COVID vaccine UK: Did Brexit make it easier to approve a vaccine? | UK | News (Reports)


Pfizer’s coronavirus vaccine has found its first use in the UK after the country approved national rollout. People have hailed the news as a local success, adding it proves the country remains a world-leader. But they have also claimed Brexit streamlined the process, but this is not the case.

Did Brexit make it easier to approve a COVID vaccine?

The vaccine announcement in the UK gave way to several claims from ministers Brexit was a key player in getting the country access first.

Replying to Health Secretary Matt Hancock’s announcement via Twitter, Jacob Rees-Mogg, leader of the House of Commons, said a change in regulations helped the process along.

He Tweeted: “We could only approve this vaccine so quickly because we have left the EU.”

READ MORE: Covid vaccine date: What day do vaccinations start?

Dr June Raine, the body’s chief executive said the MHRA used provisions afforded by European law.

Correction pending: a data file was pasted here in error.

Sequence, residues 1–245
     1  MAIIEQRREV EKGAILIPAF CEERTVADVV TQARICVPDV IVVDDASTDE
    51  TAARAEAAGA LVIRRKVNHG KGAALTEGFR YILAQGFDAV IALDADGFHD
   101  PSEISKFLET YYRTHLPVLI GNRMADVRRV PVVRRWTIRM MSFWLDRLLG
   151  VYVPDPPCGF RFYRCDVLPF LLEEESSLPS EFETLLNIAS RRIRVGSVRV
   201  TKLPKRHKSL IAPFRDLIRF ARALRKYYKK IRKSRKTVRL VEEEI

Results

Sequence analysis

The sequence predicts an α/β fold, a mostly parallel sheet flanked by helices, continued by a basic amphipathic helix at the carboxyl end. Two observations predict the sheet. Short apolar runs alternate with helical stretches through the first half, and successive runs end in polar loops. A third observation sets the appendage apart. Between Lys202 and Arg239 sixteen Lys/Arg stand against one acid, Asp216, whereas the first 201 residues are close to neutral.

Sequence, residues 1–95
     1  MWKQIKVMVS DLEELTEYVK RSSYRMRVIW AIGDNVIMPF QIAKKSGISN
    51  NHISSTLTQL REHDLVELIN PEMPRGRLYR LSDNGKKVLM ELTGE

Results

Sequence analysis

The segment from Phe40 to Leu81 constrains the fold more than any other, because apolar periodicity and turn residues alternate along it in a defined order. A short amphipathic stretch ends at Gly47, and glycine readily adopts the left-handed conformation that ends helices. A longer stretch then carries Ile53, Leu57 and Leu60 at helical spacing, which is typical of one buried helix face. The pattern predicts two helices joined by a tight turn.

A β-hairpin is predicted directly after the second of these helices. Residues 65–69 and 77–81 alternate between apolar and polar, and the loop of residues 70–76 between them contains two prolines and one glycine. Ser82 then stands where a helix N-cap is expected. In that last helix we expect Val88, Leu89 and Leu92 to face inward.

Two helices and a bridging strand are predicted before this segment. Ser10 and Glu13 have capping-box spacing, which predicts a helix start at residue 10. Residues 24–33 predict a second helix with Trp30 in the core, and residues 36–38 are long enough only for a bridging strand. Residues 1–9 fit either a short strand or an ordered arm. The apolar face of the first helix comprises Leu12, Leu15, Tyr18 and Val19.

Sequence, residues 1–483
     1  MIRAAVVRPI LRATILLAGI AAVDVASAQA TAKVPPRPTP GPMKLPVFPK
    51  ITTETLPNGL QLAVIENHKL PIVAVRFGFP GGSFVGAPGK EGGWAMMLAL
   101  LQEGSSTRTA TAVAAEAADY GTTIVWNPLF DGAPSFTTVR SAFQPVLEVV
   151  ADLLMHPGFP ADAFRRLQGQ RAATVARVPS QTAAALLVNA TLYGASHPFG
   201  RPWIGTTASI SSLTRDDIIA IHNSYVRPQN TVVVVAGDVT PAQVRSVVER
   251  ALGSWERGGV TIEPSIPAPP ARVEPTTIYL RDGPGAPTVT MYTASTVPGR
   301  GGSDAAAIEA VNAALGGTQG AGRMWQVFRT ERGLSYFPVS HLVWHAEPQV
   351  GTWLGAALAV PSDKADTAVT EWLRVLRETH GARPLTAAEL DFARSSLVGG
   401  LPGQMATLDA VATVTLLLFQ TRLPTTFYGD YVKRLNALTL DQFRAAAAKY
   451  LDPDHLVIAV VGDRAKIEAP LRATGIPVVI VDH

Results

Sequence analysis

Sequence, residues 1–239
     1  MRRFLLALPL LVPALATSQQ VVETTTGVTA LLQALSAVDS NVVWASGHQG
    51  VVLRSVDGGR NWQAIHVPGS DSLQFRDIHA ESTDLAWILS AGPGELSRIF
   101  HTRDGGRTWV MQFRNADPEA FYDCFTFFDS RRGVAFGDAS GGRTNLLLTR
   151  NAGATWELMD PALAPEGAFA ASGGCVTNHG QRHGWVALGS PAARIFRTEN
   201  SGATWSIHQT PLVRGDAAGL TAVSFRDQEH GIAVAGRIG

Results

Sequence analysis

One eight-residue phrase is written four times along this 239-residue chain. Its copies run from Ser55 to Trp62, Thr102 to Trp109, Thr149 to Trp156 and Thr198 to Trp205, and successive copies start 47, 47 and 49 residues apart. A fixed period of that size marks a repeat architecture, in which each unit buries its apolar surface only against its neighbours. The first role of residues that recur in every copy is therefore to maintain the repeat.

She said: “We have been able to authorise the supply of this vaccine using provisions under European law which exist until January 1.

“Our speed, or our progress, has been totally dependent on the availability of data in our rolling review and the rigorous assessment and independent advice we have received.

“So I hope that clarifies the point about the European relationship.”

Law aside, the Pfizer/BioNTech vaccine was an international effort made in the US and Germany.

Pfizer is a multinational company based in America, and BioNTech is headquartered in Mainz, Rhineland-Palatinate.

Andreas Michaelis, German ambassador to the UK, replied to Business Secretary Alok Sharma on Twitter saying: “Why is it so difficult to recognize this important step forward as a great international effort and success.

“I really don’t think this is a national story. In spite of the German company BioNTech having made a crucial contribution, this is European and transatlantic.”

The UK only “led the way” in approving a vaccine by using an EU law which ministers could not access if they had already finalised Brexit in full.


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